If your child is an unhealthy eater – the key to getting him or her to eat more fruits and veggies may lie in a little bit of strategic marketing.
According to a study that was recently published in the journal Pediatrics, advertising methods such as television commercials and banners can triple the chances of a child choosing healthier options during lunchtime.
The study, which took place in New York, experimented with 3 different advertising approaches in public elementary schools over the course of six weeks. A control group was first established (this group was not exposed to any marketing tactics). The first approach utilized vinyl banners, displaying animated characters in the form of vegetables with super powers. Brian Broccoli, one of the characters, is shown flexing his arms, while Colby Carrot shoots laser beams out of his eyes.
The second marketing approach involved quick video segments narrated by the characters regarding health-related topics, and the third combined both the video and the banners.
Results concluded that, when exposed to the banners alone, almost 100% more students chose vegetables from the salad bar during lunchtime. Before seeing the banners, 12% of students put veggies on their plates; after seeing the banners this number jumped up to 24%.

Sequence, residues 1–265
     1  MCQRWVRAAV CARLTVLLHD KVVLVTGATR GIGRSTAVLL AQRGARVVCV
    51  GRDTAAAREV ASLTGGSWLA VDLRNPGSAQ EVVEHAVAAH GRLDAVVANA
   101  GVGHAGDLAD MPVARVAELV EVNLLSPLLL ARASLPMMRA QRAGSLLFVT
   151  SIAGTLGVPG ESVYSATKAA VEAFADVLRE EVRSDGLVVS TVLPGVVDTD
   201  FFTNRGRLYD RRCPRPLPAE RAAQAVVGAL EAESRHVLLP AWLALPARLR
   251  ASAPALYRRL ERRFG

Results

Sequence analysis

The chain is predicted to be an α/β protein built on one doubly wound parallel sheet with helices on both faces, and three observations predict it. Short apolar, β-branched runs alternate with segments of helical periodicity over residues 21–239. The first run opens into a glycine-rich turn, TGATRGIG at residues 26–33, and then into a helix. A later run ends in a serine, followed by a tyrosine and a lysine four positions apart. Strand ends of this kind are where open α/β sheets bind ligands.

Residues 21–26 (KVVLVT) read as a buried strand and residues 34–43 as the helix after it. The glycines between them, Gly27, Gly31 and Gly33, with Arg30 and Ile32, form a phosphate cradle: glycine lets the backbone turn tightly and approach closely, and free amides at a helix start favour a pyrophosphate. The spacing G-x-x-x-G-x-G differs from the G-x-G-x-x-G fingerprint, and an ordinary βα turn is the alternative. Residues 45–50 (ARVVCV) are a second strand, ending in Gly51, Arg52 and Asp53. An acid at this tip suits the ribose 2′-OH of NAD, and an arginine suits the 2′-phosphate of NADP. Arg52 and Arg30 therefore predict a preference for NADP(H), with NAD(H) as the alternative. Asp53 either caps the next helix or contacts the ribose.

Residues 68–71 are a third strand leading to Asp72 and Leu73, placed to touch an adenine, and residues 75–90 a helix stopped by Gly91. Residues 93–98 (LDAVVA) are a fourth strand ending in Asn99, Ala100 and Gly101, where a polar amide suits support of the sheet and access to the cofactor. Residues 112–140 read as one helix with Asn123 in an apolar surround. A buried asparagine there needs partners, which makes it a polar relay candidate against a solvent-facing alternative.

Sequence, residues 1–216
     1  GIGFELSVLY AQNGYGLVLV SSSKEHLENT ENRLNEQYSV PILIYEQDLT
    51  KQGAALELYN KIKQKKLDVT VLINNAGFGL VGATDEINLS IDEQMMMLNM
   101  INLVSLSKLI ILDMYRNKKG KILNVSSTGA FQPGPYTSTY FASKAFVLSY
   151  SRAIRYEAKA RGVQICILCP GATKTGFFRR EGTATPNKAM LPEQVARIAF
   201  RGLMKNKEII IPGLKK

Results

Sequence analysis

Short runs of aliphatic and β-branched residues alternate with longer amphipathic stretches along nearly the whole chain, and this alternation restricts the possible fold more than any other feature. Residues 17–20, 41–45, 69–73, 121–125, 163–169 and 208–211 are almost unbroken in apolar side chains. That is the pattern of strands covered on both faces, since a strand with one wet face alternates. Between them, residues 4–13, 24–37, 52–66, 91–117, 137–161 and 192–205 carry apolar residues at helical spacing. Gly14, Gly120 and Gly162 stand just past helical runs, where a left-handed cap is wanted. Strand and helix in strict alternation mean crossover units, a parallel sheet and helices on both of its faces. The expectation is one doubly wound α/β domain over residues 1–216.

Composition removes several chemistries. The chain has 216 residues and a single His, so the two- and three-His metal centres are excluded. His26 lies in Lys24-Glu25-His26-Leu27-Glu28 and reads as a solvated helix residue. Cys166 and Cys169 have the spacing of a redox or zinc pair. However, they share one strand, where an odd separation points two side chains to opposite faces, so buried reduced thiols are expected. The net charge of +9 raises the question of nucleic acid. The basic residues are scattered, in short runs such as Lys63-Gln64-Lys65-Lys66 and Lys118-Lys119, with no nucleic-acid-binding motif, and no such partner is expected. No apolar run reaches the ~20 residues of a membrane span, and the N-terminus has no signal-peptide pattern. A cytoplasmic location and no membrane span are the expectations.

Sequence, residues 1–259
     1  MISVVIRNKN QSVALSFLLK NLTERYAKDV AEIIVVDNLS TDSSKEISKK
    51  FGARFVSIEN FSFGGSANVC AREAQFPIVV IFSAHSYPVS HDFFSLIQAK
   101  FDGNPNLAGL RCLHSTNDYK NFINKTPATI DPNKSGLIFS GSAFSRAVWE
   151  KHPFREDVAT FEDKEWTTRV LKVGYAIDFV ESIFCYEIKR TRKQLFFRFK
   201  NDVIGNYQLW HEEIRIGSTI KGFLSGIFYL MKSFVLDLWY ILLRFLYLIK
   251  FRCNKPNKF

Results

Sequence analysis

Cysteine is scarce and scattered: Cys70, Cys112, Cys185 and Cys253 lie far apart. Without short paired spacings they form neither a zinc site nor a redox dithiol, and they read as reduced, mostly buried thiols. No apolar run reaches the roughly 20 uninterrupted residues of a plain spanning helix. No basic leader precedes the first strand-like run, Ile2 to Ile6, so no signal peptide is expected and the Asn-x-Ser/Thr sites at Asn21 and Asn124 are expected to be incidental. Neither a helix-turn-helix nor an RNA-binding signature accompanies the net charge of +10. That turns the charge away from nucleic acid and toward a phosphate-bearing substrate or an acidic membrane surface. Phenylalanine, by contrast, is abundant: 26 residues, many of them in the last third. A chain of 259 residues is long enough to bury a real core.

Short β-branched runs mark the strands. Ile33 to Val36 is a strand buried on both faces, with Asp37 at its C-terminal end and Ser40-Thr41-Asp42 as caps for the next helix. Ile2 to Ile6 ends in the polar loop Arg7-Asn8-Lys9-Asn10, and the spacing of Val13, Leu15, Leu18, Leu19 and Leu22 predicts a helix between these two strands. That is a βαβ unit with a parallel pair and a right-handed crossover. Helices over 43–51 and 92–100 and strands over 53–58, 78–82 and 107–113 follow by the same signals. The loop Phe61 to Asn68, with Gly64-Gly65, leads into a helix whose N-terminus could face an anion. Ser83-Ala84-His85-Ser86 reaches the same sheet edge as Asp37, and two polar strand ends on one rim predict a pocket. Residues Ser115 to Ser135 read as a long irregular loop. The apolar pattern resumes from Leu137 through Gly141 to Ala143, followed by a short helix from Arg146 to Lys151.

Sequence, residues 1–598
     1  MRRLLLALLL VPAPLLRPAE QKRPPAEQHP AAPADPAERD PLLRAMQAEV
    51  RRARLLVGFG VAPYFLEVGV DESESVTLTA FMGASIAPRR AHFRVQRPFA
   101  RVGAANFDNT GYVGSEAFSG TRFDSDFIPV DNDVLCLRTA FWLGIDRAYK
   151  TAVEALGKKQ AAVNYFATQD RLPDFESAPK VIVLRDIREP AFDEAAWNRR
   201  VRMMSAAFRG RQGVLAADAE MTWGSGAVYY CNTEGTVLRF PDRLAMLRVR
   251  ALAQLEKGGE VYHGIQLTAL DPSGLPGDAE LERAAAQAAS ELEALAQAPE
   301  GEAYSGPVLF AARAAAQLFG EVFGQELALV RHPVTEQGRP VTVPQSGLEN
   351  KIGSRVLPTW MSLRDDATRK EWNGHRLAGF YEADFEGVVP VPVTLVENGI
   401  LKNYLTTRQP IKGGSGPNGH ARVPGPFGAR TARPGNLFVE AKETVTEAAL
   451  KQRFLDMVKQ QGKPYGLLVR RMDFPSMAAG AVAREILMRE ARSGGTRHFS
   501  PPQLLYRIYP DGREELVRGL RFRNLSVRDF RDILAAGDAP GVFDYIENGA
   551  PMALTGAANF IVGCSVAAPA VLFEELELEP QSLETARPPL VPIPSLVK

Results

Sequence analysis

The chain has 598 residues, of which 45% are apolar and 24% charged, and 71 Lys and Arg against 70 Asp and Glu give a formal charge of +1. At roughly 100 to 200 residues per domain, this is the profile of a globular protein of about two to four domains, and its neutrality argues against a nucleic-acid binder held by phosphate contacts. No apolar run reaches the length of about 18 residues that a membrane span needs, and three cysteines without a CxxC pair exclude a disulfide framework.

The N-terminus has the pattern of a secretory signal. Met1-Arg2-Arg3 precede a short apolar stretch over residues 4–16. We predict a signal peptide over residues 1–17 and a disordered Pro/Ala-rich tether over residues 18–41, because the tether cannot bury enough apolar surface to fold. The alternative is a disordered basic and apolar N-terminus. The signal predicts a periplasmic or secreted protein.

The third approach proved to be the most successful – by combining both the banners and the videos, there was a 239% increase in students who visited the salad bar. (The number of students who took vegetables jumped from 10% to 34%)!
Surprisingly, the video clips did not affect students’ choices. Andrew Hanks, an assistant professor of human sciences at Ohio State University and the study’s lead author, believes the banners were most successful as they were front-and-center at the salad bar and served as an easy reminder for students to make wise choices.
A similar and separate study conducted by Canadian researchers analyzed 26 previous studies regarding the link between advertising and children’s food intake. The study concluded that children who were exposed to marketing of unhealthy foods consumed more; they ate about 30 calories more of junk food than children who were not exposed.
Children under the age of 8 are very impressionable when it comes to marketing, and advertisements for low-nutrition, sugar-filled foods and beverages are essentially putting them in danger for obesity and diseases later in life. While it’s suggested that parents lead by example through eating and cooking healthy foods with their children, researchers would love to see what would happen if marketing focused on healthy foods instead of low-quality treats.